However, the desire for foods made from ingredients with familiar, easy-to-understand names could also include a desire for foods made without artificial ingredients, preservatives, added colors or bioengineering.  All these messages can be easily understood by a food claiming to present a clean label.

‘We didn’t mean that’

It is especially important for food producers to remember they are responsible for ensuring every message a consumer reasonably takes away from a food label has to be truthful, non-misleading and adequately substantiated, per FDA and FTC regulations. Unintended messages can arise from a careless arrangement of claims and labeling elements, and an unintended message can make a label deceptive.

A clean label may be attractive, but is it necessarily healthy? That term is subject to an FDA definition and must be independently verified. Is a clean label necessarily organic?  Again, a product cannot be described that way unless experts have independently certified the product meets certain standards for organic farming.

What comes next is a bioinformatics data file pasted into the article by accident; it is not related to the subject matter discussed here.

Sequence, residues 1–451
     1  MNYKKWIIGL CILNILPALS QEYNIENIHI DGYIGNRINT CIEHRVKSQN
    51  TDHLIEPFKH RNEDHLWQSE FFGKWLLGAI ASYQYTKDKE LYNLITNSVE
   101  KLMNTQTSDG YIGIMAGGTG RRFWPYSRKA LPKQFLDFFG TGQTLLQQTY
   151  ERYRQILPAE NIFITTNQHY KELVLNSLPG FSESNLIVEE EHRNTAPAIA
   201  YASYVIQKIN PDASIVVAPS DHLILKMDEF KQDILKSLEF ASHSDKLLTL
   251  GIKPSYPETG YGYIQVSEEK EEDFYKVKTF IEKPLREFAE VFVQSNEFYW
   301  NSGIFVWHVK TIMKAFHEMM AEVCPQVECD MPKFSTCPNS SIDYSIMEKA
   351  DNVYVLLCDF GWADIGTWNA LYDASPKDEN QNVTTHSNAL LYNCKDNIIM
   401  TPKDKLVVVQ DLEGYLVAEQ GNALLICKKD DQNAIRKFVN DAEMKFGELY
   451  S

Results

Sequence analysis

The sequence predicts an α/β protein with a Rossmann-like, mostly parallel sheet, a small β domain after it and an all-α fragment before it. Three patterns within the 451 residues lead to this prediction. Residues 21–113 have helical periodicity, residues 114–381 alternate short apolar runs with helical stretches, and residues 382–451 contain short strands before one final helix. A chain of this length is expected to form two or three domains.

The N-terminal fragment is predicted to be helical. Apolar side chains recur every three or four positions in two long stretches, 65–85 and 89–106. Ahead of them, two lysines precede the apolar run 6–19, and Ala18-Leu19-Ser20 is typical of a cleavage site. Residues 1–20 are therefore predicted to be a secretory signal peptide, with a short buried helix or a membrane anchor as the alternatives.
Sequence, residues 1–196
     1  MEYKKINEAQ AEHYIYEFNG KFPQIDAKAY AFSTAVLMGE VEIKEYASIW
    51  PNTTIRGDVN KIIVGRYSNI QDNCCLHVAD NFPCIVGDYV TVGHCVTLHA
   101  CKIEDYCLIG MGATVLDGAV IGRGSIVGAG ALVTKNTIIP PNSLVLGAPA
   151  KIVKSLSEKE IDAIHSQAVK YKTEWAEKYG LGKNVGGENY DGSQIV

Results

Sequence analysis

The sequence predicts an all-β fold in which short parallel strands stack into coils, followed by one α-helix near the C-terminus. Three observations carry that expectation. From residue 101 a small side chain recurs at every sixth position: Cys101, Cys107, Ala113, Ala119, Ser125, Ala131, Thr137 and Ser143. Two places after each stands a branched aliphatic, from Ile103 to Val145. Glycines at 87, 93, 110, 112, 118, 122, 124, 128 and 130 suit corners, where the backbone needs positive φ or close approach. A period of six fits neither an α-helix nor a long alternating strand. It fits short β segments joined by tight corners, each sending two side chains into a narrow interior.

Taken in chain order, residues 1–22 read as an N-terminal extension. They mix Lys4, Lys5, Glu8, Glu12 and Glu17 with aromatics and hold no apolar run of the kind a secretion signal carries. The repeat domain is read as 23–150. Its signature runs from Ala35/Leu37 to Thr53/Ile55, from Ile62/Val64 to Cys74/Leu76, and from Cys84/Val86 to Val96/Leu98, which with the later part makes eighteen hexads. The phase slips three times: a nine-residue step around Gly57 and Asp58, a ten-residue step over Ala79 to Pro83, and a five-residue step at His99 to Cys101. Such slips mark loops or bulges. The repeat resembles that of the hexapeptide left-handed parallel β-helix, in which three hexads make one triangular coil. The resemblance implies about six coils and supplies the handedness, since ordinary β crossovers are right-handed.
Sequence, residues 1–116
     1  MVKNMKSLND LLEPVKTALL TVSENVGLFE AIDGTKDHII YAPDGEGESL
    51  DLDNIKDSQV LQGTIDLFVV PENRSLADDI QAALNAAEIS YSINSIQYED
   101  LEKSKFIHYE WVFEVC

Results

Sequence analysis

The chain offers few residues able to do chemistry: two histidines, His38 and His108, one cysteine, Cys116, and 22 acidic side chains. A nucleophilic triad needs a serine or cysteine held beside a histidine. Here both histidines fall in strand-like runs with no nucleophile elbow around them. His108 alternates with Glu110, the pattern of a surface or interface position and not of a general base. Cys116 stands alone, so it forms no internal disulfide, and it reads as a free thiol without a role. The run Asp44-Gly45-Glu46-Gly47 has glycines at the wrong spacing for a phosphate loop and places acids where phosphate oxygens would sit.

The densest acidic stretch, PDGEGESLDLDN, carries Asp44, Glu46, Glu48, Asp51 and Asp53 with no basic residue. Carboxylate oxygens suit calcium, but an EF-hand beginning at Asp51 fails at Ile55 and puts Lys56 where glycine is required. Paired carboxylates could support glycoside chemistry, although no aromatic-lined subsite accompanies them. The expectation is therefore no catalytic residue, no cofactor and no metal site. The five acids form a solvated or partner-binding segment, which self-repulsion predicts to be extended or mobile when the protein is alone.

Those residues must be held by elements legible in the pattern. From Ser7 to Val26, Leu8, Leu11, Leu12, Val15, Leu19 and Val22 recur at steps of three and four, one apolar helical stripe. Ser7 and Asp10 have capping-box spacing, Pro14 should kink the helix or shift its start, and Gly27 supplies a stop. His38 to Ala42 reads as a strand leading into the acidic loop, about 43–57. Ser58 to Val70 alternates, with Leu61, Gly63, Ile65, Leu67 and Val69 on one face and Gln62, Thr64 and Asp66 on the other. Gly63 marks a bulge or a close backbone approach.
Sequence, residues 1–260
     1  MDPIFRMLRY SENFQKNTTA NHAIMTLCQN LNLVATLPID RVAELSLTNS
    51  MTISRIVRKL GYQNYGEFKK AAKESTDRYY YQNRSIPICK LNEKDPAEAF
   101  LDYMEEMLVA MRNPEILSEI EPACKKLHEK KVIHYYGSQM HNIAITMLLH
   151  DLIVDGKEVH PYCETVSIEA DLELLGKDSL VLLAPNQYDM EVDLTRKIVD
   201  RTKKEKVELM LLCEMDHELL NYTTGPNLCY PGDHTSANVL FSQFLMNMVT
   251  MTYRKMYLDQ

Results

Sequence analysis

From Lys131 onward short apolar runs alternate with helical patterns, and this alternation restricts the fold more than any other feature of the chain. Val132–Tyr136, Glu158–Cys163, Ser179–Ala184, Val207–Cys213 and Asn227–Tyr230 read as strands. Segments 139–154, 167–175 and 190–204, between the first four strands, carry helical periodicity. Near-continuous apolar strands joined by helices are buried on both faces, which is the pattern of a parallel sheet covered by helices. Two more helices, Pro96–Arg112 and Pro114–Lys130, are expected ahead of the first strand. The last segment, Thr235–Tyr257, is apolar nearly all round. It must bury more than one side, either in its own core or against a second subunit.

At the same time, the food producer must navigate certain FDA and USDA regulatory requirements, such as food standards of identity, that require the use of specified names for certain foods or food ingredients. These requirements may demand the use of a technical name, e.g., ascorbic acid, or a general description, such as “natural flavor,” either of which may put off a consumer in search of a clean label.  

For meat or poultry products, the producer must focus on the predominant ingredient and ensure the name and labeling are USDA-compliant. Again, the challenges of unintended messages and inferences must be considered. Does a claim for “farm-raised chicken” mean the animal was kept in a “cage free” environment or “humanely raised?” As with organic, these terms have specific meanings that often require USDA’s inspection and verification.

Make the ingredients the main story